The Toronto District School Board paid some of its senior staff members more than $1 million beyond the total salaries they would have received had a wage freeze had been followed, according to the findings of a newly released forensic audit.
Ernst and Young began conducting a forensic audit in June at the request of the Ministry of Education. It was completed earlier this month and handed a 51-page report into the ministry.
During the course of their audit, Ernst and Young also found that the TDSB had potentially spent $3.2 million of government funds in a way that was not in accordance with ministry regulations.
Those funds had been part of a ministry grant, which the auditors found were not spent directly on specific projects as the ministry requires and which the school board did not obtain written permission from the ministry to do.
On the wage-freeze issue, auditors examined whether $1.29 million in salary increases offered to senior management and supervisory staff were justified by changes in the responsibilities of those individuals over the past two years.
The auditors found that salary increases were supported under such criteria, but they were not in line with the spirit of a wage-freeze the provincial government had enacted throughout the broader public sector.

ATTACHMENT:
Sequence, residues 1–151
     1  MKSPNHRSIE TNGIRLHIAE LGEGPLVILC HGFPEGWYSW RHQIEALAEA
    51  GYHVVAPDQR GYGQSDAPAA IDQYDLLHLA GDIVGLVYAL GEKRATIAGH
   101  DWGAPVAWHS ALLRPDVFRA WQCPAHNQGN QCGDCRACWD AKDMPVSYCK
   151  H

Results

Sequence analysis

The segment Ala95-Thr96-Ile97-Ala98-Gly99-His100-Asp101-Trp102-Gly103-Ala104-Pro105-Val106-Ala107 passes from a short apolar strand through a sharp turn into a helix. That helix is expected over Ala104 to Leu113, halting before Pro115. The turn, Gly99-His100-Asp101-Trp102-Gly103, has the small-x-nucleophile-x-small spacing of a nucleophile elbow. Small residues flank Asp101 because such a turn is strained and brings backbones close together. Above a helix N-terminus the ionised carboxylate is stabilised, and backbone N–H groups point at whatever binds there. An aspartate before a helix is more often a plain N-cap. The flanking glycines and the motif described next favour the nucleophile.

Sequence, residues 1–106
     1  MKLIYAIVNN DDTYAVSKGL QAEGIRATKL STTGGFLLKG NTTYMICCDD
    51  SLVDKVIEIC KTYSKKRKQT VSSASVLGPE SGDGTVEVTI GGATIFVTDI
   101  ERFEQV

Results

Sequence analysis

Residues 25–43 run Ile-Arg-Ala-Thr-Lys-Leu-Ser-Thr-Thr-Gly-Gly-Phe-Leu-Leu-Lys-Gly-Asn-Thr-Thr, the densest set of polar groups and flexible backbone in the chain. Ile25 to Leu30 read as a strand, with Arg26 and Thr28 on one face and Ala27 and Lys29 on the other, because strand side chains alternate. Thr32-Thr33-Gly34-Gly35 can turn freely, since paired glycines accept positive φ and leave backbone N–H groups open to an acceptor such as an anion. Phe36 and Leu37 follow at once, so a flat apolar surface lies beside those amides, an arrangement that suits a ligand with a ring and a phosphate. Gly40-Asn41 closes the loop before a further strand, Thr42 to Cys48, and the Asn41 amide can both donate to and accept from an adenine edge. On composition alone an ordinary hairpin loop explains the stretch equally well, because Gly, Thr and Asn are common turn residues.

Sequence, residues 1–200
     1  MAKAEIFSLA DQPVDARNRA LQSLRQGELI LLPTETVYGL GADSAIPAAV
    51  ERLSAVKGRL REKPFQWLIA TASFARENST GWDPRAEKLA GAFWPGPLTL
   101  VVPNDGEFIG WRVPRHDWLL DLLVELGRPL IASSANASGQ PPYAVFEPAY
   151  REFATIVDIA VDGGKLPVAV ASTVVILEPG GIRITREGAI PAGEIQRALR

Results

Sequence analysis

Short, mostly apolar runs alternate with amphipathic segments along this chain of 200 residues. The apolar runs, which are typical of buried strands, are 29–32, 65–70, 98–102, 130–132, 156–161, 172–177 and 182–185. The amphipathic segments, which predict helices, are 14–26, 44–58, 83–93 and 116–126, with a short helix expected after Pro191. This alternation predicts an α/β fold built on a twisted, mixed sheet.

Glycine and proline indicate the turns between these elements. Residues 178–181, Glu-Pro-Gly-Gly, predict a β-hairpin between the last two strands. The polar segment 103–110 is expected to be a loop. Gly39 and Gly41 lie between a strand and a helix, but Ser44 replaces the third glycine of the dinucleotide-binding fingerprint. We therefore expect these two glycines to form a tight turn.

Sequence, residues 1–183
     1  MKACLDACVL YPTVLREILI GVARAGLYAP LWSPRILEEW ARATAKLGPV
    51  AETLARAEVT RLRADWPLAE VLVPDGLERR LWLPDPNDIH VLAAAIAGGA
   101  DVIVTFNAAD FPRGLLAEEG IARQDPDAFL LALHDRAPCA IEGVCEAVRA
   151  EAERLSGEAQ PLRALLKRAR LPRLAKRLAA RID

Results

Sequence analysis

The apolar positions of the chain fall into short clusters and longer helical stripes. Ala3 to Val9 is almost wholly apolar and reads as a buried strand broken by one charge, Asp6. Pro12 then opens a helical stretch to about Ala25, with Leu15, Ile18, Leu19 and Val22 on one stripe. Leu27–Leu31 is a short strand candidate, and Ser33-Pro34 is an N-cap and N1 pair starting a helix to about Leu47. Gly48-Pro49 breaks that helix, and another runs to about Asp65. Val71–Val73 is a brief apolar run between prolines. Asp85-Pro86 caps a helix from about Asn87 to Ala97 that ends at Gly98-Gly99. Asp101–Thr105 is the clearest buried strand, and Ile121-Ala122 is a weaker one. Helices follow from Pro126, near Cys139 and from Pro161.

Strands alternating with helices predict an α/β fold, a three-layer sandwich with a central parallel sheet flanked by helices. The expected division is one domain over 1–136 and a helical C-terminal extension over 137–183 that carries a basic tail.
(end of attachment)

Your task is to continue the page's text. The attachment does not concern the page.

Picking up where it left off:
Audit began in June
The ministry had asked Ernst and Young to conduct a forensic audit of the school board’s financial practices, which was prompted by concerns raised by the TDSB's acting director.
Auditors also looked at the way the board handled its internal audits, as well as the financial reports the TDSB passed on to the ministry in recent years. Other issues the auditors examined included the procurement practices used in selected contracts and expenses filed by the director’s office.
Education Minister Liz Sandals released a statement Tuesday, thanking the auditors for their work and calling on the TDSB to act on the auditors’ recommendations in a timely manner.
"The ministry will work with the board to finalize a plan early in the new year that will outline how the board will address the concerns raised in the report," Sandals said in the statement.
The TDSB has had a rocky year after the departure of former director Chris Spence, who resigned from his job in the midst of a plagiarism scandal.
The board’s then-deputy director, Donna Quan, became the acting TDSB director and subsequently notified the ministry of her concerns about the TDSB and its financial practices.
Quan became the board’s permanent executive director in October.